Expect to encounter construction traffic signs along America’s highways. Twenty-Eighteen is a year of massive road construction. Although these dayglow indicators to slow down may be frustrating, they’re a sign that the American economy has recovered from the recession that began a decade ago. New road construction and road repair moves money about the economy – the nation’s megaprojects enlist a myriad of industries that range from planning to demolition.
Road construction possesses several unique functions. Construction, of this nature, connects the nation like veins and arteries, it demonstrates American ingenuity and must keep road crews safe while in progress. Orange vests are the leading way to keep our road crews free from injury. These dayglow habiliments cause visibility. Whether the crew is repairing our faulty overpasses (nine percent are in dire need of repair), installing rail cars in El Paso or blasting a mountain’s edifice for a new bypass we must heed the warnings of construction traffic signs and look out for crew members in bright orange vests.
Construction crews must wear High Visibility Personal Protection Equipment (HV-PPE) while on site, otherwise known as safety vests. Although there are a number of vests on the market, ANSI, the American National Standards Institute, approved high-visibility safety vests meet OSHA and MUTCD standards for on-site visibility. These vests allow for visibility at night, during the way in along busy highways.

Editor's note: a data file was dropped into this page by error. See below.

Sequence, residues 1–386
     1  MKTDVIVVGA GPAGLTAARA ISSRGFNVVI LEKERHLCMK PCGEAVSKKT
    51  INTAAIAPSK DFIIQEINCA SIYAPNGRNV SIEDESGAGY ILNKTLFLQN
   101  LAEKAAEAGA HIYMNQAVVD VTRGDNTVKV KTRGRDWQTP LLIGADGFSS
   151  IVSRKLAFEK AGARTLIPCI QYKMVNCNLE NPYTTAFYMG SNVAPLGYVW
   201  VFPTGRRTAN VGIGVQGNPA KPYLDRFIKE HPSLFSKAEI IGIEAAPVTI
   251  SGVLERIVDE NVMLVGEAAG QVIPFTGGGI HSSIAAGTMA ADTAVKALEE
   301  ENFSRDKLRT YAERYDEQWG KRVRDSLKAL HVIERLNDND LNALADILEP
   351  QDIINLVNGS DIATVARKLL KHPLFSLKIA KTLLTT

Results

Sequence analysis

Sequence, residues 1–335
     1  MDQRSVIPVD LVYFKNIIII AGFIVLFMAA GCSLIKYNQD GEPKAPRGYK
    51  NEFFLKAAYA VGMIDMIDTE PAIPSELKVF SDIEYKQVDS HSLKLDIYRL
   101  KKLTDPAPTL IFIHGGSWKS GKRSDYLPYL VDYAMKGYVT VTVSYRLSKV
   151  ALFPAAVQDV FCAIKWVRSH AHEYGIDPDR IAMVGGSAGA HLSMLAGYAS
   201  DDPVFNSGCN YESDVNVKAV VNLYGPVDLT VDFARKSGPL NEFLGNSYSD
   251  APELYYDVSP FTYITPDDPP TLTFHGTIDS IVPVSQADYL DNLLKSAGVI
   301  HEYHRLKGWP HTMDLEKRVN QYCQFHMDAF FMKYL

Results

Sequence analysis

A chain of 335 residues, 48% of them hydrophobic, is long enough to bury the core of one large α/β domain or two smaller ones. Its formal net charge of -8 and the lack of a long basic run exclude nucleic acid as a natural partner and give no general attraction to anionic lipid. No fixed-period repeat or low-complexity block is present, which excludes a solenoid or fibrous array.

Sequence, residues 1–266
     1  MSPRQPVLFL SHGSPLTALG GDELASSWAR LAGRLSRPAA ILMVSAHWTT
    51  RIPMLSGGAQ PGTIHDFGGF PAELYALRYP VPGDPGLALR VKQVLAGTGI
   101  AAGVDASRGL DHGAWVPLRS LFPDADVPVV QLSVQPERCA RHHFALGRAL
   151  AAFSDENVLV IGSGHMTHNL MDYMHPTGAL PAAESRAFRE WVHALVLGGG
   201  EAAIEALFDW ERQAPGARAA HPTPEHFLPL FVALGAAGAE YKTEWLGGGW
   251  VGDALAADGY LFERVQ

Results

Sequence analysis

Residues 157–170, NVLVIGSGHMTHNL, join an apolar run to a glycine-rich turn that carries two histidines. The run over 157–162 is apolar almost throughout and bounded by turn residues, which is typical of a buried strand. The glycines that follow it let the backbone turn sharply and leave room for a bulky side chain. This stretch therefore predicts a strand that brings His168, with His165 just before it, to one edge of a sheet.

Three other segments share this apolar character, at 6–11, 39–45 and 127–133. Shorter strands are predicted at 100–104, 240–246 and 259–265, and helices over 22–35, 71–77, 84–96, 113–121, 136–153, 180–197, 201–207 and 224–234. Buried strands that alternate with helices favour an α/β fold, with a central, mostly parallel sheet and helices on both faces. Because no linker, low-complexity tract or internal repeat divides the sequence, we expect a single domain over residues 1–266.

Megaprojects, massive and costly road construction venture, make our cities’ safer and demonstrate American ingenuity. Moreover, it’s important that each motorist heeds the warnings orange signs offer while driving through a construction zone – these hefty projects may harm both the haphazard motorist and construction crew. Without orange signs and reflective vests, our nation’s progress might come to a halt: crew members would no longer be able to safely perform their duties.
Next time you encounter orange signs, slow down and stop to ponder the man who created the reflective sign. It was the 1930’s and a young executive for 3M was struck with an ingenious idea, glass beads may be placed in paint to make it reflective.
We hope everyone continues to drive safely and enjoy where ever the road may take you!